He was charged with kidnapping a minor, forgery and inciting sectarian strife.

Pressure to Convert

"G," who knows the groups from the inside, says, "The kidnappers receive large amounts of money. Police can help them in different ways, and when they do, they might also receive a part of the financial reward the kidnappers are paid by the Islamization organizations. In some cases, police provide the kidnappers with drugs they seize. The drugs are then given to the girls to weaken their resistance as they put them under pressure. I even know of cases in which police offered helped to beat up the girls to make them recite the Islamic creed.

"And the value of the reward increases whenever the girl has a position. For example, when she is the daughter of a priest or comes from a well-known family."

Many girls are handed over to extremists, "G" explains. "The Salafist group I knew rented apartments in different areas of Egypt to hide kidnapped Coptic girls," he says. "There, they put them under pressure and threaten them to convert to Islam. And once they reach the legal age, a specially arranged Islamic representative comes in to make the conversion official, issue a certificate, and accordingly, they change their ID."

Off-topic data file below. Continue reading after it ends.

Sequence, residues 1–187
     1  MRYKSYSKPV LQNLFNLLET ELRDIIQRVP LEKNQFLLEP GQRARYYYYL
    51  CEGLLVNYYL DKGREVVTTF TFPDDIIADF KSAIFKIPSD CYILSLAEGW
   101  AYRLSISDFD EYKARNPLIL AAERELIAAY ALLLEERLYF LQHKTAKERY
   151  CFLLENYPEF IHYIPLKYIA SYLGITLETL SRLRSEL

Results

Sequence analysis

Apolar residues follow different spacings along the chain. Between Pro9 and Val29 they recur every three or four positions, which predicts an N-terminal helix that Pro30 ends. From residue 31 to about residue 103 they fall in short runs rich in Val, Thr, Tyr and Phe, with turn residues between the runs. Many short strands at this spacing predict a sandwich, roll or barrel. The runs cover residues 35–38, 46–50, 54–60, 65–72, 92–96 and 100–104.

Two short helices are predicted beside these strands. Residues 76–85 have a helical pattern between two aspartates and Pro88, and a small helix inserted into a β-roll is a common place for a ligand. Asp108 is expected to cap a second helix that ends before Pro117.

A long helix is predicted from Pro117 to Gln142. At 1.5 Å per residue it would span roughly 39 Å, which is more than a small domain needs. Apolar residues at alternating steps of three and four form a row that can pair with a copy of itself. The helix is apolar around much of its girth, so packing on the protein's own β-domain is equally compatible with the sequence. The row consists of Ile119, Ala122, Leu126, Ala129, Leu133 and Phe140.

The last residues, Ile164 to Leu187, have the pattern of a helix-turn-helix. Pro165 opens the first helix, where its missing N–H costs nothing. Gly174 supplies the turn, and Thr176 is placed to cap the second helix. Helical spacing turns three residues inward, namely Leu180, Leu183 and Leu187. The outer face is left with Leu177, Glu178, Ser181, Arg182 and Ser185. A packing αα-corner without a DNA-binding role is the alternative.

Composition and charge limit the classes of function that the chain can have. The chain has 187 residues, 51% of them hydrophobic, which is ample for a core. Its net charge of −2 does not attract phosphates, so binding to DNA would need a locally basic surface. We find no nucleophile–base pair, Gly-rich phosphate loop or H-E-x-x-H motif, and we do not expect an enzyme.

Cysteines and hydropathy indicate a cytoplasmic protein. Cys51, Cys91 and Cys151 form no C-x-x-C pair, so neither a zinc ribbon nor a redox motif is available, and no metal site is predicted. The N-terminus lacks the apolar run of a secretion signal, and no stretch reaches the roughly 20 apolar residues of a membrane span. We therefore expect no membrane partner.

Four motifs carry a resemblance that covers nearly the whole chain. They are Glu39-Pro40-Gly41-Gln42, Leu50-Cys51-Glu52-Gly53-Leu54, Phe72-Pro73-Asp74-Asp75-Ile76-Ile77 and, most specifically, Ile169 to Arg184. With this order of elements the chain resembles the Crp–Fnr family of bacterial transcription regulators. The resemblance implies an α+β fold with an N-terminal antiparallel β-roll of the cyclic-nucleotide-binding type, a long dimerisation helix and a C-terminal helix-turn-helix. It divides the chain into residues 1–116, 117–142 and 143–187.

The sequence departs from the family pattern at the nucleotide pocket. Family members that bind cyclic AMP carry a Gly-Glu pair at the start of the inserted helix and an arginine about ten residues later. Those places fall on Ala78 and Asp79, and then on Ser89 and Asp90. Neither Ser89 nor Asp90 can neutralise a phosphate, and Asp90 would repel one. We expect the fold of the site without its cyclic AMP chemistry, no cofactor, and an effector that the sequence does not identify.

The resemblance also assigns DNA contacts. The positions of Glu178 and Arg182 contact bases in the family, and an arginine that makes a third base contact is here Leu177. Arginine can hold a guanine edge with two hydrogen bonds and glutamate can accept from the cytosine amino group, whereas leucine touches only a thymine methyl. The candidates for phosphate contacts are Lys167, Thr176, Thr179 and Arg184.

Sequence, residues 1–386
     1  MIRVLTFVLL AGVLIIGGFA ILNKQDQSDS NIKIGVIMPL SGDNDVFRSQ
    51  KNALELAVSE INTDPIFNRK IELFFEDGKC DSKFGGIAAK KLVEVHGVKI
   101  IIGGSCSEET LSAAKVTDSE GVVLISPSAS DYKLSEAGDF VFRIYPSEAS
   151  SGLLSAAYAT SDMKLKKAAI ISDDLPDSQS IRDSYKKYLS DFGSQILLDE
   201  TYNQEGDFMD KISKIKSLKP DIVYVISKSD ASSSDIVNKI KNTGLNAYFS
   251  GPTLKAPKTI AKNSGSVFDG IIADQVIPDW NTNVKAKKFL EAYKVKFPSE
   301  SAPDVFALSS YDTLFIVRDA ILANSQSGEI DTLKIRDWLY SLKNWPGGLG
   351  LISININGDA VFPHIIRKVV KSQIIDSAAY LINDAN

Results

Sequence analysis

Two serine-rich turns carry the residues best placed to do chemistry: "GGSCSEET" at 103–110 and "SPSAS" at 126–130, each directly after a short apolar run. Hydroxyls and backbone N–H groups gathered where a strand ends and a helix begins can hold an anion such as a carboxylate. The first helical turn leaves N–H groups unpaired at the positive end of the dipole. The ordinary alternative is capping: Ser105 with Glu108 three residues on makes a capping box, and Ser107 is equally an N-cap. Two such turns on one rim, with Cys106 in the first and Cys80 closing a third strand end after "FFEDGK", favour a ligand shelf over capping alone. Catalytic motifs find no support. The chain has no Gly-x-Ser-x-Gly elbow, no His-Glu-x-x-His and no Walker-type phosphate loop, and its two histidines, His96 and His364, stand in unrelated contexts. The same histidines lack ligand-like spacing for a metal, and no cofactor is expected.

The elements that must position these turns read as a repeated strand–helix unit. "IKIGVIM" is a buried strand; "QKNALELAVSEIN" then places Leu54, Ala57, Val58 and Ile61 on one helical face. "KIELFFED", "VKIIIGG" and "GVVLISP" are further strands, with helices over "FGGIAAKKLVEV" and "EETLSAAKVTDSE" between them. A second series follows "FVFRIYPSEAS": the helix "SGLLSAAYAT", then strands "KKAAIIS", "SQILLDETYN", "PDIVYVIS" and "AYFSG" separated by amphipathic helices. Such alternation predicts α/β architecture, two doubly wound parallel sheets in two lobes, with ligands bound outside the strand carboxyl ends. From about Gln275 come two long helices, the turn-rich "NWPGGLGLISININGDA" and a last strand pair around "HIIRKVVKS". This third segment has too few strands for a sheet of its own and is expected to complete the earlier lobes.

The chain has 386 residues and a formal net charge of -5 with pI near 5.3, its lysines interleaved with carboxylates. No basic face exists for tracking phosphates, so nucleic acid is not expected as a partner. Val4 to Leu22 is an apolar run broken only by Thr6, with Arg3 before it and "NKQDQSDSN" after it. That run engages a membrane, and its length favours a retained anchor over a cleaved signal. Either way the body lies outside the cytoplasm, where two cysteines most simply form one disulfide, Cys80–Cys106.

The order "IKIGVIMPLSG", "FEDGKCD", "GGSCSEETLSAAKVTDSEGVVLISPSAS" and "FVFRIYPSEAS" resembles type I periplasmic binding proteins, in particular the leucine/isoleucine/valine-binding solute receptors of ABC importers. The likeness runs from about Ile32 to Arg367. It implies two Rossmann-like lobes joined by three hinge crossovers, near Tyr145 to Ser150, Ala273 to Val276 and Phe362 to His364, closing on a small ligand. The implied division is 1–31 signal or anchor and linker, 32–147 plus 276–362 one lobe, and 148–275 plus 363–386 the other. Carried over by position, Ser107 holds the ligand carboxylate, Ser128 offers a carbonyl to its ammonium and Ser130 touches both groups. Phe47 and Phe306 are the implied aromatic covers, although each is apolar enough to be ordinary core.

Marilyn's father, Medhat Saad Edward, shares: "I filed a report in two police stations, and I gave the names of the kidnappers and the place where they hid my daughter. But the police haven't arrested them. They didn't even get in touch with Taha's brother, who lives in the village and is in touch with Taha."

Meanwhile, a Muslim girl kidnapped for ransom in Balansora around the same time was followed by the police and released in 24 hours.

"Kidnappers of Christian girls rarely get arrested or brought to the prosecution," says "G." "For instance, the police don't report it as a kidnap but say the girl "went missing." This way, they cover up the crimes of those they see as their 'Muslim brothers.'"

In a story about the recurring issue of the kidnapping of Coptic girls and women in Nov. 2014, World Watch Monitor quoted Egyptian Human Rights Activist Ebram Louis as saying that the position of Egyptian police is biased against Christians whose daughters have been kidnapped by Muslims. Police are notorious for not acting, he said, even if the girl has been missing for 24 hours and the family has been threatened for ransom, "because they are afraid of the militant groups."